REPORT: Popular teen magazine promotes prostitution, sexting, to an audience of minors

JUNE 17, 2019

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As the most reliable and balanced news aggregation service on the internet, DML News App offers the following information published by WASHINGTONEXAMINER.COM:

Teen Vogue wants you to know that when you grow up, you can be anything you want to be — even a prostitute.

Imagine your daughter scrolling through an article from a teen website and coming across this line: “I am a doctor, an expert in sexual health, but when you think about it, aren’t I a sex worker? And in some ways, aren’t we all?”

The article goes on to state the following:

The perennially misfiring Teen Vogue is facing controversy again this week, this time for publishing an article titled, “Why Sex Work Is Real Work.” In it, a doctor argues not only that prostitution should be legalized, but also that it’s just like any other career. Author Tlaleng Mofokeng writes:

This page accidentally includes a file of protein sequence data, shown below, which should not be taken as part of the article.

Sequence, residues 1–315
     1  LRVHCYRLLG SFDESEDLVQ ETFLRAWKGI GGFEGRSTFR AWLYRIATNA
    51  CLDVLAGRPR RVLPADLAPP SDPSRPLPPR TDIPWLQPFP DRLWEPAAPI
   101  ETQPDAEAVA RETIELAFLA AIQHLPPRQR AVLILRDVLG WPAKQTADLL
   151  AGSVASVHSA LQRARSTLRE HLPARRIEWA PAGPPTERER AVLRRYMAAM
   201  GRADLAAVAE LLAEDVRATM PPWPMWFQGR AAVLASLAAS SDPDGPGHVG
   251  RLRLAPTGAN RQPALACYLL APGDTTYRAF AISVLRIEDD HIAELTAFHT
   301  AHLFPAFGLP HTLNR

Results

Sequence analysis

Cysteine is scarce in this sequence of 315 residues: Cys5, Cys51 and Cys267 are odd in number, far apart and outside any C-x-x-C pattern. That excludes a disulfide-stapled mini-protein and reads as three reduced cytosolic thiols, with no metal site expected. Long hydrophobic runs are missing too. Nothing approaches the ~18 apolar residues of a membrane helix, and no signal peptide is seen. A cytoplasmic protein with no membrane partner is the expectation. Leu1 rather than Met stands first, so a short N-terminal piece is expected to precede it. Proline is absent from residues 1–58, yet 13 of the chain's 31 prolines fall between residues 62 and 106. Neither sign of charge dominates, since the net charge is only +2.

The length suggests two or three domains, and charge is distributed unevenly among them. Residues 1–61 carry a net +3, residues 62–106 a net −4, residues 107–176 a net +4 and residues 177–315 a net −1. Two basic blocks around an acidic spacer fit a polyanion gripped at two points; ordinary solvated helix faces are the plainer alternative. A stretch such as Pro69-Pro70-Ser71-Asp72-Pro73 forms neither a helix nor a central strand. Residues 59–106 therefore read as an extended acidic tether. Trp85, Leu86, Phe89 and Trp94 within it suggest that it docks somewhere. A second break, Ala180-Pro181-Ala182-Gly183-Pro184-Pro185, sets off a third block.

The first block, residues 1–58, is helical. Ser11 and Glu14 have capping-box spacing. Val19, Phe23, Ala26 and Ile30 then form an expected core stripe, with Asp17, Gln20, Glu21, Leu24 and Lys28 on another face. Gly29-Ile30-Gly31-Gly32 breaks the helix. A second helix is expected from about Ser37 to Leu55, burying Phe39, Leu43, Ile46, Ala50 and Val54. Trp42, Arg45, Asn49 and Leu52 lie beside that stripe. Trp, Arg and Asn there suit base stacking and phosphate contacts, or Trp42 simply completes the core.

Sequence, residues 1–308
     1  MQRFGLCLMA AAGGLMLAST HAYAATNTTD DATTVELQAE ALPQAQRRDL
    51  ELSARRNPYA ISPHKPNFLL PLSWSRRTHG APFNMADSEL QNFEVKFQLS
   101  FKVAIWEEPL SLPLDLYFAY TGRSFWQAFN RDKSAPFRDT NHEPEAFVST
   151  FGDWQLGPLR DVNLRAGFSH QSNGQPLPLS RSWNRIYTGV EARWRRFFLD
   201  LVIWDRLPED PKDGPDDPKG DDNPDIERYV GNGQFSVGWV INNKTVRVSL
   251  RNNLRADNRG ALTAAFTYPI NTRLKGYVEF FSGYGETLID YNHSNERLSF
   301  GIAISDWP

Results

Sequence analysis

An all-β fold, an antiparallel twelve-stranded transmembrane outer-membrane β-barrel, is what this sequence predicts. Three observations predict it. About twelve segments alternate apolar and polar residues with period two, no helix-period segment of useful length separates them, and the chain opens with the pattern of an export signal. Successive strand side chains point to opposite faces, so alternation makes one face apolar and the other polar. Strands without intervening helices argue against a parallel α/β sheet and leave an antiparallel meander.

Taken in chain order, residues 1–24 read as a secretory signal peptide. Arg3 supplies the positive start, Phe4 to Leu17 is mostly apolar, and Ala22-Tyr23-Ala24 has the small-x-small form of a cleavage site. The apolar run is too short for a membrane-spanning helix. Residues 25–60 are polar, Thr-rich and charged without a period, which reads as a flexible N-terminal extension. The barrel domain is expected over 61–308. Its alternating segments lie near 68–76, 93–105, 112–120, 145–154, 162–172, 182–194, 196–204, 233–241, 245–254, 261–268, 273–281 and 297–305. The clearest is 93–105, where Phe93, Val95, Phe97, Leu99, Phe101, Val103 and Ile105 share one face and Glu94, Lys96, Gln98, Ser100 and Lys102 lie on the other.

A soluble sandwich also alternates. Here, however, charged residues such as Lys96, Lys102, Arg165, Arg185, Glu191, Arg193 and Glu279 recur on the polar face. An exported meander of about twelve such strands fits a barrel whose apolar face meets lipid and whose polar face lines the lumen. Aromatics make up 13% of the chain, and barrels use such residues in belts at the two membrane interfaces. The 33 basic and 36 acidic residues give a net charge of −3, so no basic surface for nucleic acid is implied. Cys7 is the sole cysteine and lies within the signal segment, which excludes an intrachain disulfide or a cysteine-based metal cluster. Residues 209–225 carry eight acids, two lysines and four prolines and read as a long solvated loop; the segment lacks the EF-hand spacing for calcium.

I find it interesting that as a medical doctor, I exchange payment in the form of money with people to provide them with advice and treatment for sex-related problems; therapy for sexual performance, counseling and therapy for relationship problems, and treatment of sexually transmitted infection. Isn’t this basically sex work?

Teen Vogue has also been heavily promoting teen sexting. A March 7 tweet declared, “State lawmakers in Washington have made progress on a bill that would decriminalize teen sexting.”

In May, Teen Vogue launched specific guidelines and encouragement for teens to “dip their toe in the water” and experiment with sexting. The article provides shocking suggestions to teens how how to get started, how to take nude photos, and how to share them “in the spirit of mutual trust and arousal.”

Amidst the strong encouragement for teens to engage in the practice, the Teen Vogue article admits that ” if you’re under a certain age, sending sexy selfies can count as distributing child pornography, and can even be considered a felony in some states,” but says “nearly everyone does it.”

The article concludes with this: “Every time we exchange a nude with care and respect, if that’s what we want to do, the stigma diminishes just a little more, so that one glorious day it’ll no longer work to blackmail someone with sexual images. Happy sexting!”

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